The sheer number of crimes, victims and witnesses is immense. More than 3,800 civil parties, or victims seeking reparations, have been admitted to the court. There are more than 450,000 pages of evidence that will attempt to connect crimes with government policy.

Those crimes, however, happened more than 30 years ago, and crime sites are an issue because there are so many, scattered across the remote countryside and tainted by human intervention and decades of weathering. No pleas have been entered yet, but the defendants have signalled they will plead not guilty.

Still, the ECCC struck its first victory last year in Case 001 with the conviction of Duch for crimes against humanity committed at the S-21 torture and extermination camp. An estimated 24,000 people passed through its gates and were usually forced to dig their own graves before being bludgeoned to death with an ox cart axle, their throats often slit to make sure the job was complete. More than 190 such camps were constructed across the country.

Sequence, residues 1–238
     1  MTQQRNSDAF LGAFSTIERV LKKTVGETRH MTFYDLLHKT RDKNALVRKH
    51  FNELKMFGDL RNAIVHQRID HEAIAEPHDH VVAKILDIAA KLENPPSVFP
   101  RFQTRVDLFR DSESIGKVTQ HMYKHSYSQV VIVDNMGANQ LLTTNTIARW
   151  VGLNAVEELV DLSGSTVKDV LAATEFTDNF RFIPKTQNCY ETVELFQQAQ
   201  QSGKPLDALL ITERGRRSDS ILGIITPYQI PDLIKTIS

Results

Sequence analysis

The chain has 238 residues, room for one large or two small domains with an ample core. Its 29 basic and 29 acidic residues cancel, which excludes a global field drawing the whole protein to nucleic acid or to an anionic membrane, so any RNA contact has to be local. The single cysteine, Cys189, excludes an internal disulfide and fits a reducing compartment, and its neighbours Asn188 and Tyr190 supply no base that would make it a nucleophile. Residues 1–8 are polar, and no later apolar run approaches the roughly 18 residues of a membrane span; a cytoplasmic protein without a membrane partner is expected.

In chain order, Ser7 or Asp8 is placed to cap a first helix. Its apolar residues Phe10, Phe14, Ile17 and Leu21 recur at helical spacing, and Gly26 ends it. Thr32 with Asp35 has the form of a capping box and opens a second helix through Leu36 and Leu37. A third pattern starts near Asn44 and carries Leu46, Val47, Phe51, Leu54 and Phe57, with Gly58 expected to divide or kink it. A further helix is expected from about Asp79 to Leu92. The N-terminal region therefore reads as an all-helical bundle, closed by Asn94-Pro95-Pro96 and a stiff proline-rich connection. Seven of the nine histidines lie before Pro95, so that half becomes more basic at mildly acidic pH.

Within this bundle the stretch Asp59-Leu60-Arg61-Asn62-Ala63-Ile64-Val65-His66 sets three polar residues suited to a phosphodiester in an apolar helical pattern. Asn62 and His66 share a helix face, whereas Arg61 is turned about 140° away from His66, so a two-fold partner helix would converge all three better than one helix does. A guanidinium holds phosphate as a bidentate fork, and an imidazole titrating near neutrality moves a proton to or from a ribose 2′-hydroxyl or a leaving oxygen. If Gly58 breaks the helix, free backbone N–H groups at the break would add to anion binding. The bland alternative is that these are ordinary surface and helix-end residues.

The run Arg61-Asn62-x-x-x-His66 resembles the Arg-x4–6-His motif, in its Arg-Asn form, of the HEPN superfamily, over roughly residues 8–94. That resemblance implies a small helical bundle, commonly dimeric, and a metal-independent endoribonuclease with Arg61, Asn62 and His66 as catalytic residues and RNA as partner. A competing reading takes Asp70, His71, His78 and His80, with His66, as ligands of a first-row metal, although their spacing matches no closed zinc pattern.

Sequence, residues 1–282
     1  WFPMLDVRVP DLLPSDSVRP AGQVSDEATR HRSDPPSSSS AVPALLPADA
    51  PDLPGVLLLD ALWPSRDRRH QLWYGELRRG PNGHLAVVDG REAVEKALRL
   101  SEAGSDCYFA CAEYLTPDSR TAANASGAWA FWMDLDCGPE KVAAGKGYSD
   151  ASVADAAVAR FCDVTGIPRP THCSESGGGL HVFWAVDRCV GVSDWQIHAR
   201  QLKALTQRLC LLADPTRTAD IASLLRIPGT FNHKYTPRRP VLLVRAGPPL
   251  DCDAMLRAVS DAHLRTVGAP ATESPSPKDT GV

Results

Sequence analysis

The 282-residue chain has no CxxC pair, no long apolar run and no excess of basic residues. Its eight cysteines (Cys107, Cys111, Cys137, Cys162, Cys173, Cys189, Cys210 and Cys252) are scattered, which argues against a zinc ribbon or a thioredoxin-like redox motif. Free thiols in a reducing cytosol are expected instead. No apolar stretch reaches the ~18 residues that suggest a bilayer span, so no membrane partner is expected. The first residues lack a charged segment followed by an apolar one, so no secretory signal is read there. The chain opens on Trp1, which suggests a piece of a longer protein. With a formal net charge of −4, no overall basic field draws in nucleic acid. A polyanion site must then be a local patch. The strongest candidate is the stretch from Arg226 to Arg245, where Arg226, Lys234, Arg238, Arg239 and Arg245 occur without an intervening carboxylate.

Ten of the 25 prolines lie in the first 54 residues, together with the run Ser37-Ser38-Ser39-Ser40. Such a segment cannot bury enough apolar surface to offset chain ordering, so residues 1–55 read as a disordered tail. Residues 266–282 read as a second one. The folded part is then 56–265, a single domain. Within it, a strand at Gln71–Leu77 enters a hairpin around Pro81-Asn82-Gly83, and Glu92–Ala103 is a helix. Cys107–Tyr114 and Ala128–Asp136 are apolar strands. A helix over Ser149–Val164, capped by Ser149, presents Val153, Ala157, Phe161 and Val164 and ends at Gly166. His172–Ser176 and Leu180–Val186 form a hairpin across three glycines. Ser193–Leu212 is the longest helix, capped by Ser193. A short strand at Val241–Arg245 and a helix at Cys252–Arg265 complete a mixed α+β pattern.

‘We saw them come into the tribunal and we thought they have a right to due process, not guilty until proven guilty,’ says Leakhena Nou. ‘Revenge isn’t the answer…the truth will catch up with them.’

The ECCC has also been struck by recent allegations from non-governmental organizations of political interference in regards to investigations into lower ranking officials in cases 003 and 004.

Widespread reports say Case 003 involves Sou Met, a former commander of the Khmer Rouge Air Force, and Meas Mut, commander of the navy; Prime Minister Hun Sen has indicated he doesn’t want to see the tribunal expanded.

But for now, Cambodians and a large contingent of international players and observers are focused on Case 002, which most expect will run for another two years.